Jorg is the crown prince of Ancrath, but instead of preparing himself to inherit the throne, he is roaming the countryside with a band of murderous outlaws, searching for revenge. Four years ago, Jorg found himself trapped in a hookbriar brush, unable to move as his mother and brother were slaughtered before his eyes. Now, the Prince of Thorns prepares himself to return home and confront his father before enacting his final act of vengeance.
“You can only win the game when you understand that it is a game. Let a man play chess, and tell him that every pawn is his friend. Let him think both bishops holy. Let him remember happy days in the shadows of his castles. Let him love his queen. Watch him lose them all.”
There are many examples of the “anti-hero” throughout science fiction and fantasy, but I can’t think of a more prominent instance than Jorg of Ancrath. Most proclaimed anti-heroes are similar to Celaena Sardothien in Sarah J. Maas’ Throne of Glass novels. They are morally ambiguous, and sometimes snap and kill their enemies in a disturbing manner, but underneath we know that they are operating for the greater good. Well I can definitely say beyond the shadow of a doubt that Jorg would make Celaena run and hide under her covers. He is a morally repugnant psychopath who murders people for annoying him. He seems to have loyalty to nothing whatsoever, and at one point sacrifices a member of his team to a group of monsters in order to gain access to a military target. There is also a throwaway line which alludes to the fact that Jorg may be a rapist. All in all, author Mark Lawrence makes it difficult for us to root for his main character. The fact that we still find a way to identify with Jorg’s struggle is a testament to Lawrence’s writing abilities.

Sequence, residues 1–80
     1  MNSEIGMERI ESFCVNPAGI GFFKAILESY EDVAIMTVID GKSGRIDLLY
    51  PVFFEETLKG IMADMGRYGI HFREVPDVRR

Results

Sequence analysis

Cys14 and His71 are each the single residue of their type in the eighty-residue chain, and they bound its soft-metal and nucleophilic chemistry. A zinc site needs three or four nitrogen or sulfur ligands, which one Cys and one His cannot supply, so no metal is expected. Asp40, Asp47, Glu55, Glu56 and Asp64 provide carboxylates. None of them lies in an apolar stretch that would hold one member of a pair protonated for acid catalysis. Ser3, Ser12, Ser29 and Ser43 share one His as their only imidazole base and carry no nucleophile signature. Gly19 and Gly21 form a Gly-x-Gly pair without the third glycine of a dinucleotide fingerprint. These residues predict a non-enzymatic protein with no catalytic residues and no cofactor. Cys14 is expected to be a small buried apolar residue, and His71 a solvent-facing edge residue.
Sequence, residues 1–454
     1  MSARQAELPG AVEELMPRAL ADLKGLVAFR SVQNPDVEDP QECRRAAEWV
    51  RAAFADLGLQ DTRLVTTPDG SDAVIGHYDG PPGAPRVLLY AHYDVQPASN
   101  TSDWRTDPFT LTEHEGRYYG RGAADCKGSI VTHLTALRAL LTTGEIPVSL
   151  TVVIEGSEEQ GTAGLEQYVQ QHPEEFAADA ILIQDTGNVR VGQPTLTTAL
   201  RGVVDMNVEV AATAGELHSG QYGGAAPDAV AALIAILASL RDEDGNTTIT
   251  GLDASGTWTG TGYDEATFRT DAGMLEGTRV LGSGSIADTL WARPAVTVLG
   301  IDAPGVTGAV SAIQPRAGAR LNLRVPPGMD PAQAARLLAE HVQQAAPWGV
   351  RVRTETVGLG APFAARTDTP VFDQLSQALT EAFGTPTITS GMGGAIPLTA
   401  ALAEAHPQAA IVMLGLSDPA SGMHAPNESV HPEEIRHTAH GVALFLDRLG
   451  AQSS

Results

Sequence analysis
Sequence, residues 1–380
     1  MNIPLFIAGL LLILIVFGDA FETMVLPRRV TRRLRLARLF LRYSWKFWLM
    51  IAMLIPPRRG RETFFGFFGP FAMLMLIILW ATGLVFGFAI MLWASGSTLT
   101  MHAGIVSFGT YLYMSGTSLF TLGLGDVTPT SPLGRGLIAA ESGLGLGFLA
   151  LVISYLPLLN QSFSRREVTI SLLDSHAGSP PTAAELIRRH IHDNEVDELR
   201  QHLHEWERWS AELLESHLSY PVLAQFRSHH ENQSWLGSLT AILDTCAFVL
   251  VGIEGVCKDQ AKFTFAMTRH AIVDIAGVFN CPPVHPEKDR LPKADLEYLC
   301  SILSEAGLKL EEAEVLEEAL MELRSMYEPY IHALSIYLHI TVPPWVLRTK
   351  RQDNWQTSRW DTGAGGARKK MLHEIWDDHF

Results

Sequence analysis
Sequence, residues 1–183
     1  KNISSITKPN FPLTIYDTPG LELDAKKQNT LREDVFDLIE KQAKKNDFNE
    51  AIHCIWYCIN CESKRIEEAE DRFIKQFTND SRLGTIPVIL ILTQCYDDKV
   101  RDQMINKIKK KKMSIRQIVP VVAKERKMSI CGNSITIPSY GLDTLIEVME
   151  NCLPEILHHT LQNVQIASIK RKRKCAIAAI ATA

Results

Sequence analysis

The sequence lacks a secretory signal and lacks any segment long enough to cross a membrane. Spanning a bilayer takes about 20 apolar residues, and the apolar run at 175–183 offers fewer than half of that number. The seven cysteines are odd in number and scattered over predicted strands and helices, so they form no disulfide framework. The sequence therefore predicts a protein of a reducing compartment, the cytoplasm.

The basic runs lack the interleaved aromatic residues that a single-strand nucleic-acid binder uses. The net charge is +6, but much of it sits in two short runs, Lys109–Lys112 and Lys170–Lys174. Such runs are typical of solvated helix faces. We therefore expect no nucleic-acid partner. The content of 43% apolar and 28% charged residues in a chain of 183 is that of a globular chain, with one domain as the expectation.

It may be the fact that at a mere thirteen years of age, Jorg is rather young to be written off as a hopeless case. We as a reader feel the need for him to see the error of his ways and atone for them in a state of repentance. It is suggested that Jorg may not be entirely responsible for his own actions, there being a group of sorcerers working to control his fate. I found myself hating this aspect of the plot because it felt like a cheat. If your main character is going to be a murderous tween, let it happen. Don’t try to pull the punches by using magical mesmerism.
One of the most intriguing aspects of Prince of Thorns is that we have no idea when the story is taking place. Jorg alludes to the writings of Plutarch, Plato, and Socrates so we know we are on Earth. He also mentions the ambiguous “Builders” who have no imagination but can build marvelous things using “melted rock and twisted metal”. Trying to figure out the setting of the novel was a fun and twisted mystery.
I picked up Prince of Thorns because I was in the mood for a fantasy novel. As distasteful as I often felt towards the “protagonist”, I cannot deny that Lawrence’s writing captivated me and I was truly interested to find out what was going to become of the wayward little prince. I’m looking forward to reading the next installment in this series.
My rating: 4/5
You can find Prince of Thorns here on Amazon or here on Book Depository.
Happy reading everyone!